Number of children in care in England rise

Image caption,
Of the children currently in care, 41,790 are there to protect them from neglect or abuse

The number of children in the care system in England is rising, official figures show.

Department for Education data shows the number of children in local authority care rose by 2% from 65,520 last year to 67,050 this year.

The figures reveal 28,220 children were taken into care during the year ending 31 March 2012, an increase of 3% from the previous year's figure of 27,500.

The data also shows more youngsters were adopted, with 3,450 given a home.

In care

Most affected are 10 to 15-year-olds, with 24,150 currently in care.

The main reason for children living apart from their parents is to protect them from abuse or neglect, with 41,790 of those currently in care falling in this category.

Family dysfunction was the next most common reason given for being taken into care, with 9,530 children falling into this category.

After this, "family in acute stress" affected 6,000 youngsters. And a total of 3,490 children had absent parents.

The number of babies less than a year old taken into care has also risen, from 3,680 last year to 4,190 this year.

The official figures show there has been a steady rise in children being taken into care since 2008, from 59,380 to 67,050 in 2012 - 7,670 more children in total.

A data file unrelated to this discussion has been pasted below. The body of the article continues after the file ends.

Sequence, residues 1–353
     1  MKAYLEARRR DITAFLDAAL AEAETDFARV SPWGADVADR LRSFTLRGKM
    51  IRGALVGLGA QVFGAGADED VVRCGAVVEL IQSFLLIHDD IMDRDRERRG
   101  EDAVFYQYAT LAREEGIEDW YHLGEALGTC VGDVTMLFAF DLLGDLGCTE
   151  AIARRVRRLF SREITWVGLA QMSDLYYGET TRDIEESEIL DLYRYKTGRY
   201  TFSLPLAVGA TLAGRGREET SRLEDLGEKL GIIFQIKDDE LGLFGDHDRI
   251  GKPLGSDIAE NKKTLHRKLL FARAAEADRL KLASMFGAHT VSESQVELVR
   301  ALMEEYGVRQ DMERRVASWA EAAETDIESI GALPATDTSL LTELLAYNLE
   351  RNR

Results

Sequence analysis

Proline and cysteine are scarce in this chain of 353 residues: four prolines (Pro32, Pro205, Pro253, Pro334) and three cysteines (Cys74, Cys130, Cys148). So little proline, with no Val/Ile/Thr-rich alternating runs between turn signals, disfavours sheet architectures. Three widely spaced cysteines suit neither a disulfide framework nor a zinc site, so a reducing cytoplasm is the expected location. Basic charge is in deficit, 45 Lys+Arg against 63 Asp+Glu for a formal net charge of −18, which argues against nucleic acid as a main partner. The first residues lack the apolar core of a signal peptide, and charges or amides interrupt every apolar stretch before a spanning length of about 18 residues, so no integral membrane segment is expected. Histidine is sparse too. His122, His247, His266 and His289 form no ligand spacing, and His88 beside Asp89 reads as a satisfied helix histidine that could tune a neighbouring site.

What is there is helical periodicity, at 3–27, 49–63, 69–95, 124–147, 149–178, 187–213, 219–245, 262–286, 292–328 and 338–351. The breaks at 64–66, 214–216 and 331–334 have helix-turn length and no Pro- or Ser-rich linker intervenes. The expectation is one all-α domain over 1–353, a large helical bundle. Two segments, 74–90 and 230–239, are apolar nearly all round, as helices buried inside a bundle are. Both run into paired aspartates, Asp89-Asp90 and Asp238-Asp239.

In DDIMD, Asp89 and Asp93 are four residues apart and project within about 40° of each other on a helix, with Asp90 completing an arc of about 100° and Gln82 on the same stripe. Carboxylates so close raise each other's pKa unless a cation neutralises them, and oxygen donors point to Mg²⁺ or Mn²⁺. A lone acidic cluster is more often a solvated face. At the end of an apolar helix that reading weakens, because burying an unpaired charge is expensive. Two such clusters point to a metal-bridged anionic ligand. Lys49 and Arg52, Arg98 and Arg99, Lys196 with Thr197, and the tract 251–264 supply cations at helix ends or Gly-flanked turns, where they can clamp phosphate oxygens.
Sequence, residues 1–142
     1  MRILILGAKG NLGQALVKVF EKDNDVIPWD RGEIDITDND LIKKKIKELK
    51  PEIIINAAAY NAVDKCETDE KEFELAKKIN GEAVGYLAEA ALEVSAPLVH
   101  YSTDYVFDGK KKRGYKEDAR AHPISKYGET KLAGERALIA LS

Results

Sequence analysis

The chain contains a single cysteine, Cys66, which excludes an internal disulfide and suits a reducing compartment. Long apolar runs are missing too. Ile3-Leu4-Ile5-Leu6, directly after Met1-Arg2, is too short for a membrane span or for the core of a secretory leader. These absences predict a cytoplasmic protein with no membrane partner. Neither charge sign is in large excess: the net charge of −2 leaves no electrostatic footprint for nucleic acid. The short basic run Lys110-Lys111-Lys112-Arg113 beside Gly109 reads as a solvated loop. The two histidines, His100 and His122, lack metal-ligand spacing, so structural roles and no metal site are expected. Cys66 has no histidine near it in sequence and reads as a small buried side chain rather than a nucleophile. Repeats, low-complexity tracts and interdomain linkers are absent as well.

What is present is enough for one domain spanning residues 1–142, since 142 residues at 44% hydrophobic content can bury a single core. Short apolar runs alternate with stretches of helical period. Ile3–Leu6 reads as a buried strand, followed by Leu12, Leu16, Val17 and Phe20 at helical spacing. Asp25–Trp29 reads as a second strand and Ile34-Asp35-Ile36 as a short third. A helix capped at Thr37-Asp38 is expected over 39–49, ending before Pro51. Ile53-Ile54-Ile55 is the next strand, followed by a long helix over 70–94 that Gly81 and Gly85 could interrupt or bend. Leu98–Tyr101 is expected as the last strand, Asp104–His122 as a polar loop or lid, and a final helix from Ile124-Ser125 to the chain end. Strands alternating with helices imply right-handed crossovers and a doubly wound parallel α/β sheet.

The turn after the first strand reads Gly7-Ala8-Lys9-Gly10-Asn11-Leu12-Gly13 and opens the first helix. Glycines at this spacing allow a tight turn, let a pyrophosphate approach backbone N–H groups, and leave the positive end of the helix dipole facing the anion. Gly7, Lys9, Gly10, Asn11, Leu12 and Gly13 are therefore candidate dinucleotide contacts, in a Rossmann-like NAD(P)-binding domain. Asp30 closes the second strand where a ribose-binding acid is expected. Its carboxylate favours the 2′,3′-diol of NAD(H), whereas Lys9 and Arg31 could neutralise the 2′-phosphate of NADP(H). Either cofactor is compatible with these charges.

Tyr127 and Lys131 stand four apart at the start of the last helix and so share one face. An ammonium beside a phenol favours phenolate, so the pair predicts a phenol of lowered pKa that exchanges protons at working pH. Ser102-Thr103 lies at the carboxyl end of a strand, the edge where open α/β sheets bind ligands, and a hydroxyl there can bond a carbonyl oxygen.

The death after months of abuse of Peter Connelly, in north London in 2007, is thought to have contributed to the increase.

Social workers in the "Baby P" case were criticised for not removing the 17-month-old from his home sooner, prompting a mood of caution in the profession.


The figures also show that 3,450 looked after children were adopted during the year ending 31 March 2012.

This is the highest figure since 2007 and an increase of 12% from the 2011 figure of 3,090 adoptions.

These figures will please the coalition government, which has sought to make it easier for couples to adopt.

Children's Minister Edward Timpson said: "The rise in the number of adoptions and adoption placement orders is extremely welcome, but it still takes too long for those who want to adopt and foster to be approved.

"The time it takes for a child in care to be adopted can be a significant period in that child's life."

Mr Timpson, whose parents fostered abandoned youngsters, said a government shake-up of the system would cut the time children spent in care before they were adopted.

The British Association for Adoption and Fostering was "pleased" with the rise in the number of youngsters adopted, but urged more potential adoptive parents to offer their homes.

Chief executive David Holmes said: "To make further progress we need to see a concerted whole system focus on increasing adopter recruitment, speeding up court processes, improving the adopter assessment process and ensuring adoption support.

"We know that adoption works and we owe it to every child who has a plan for adoption to realise that plan for them without delay."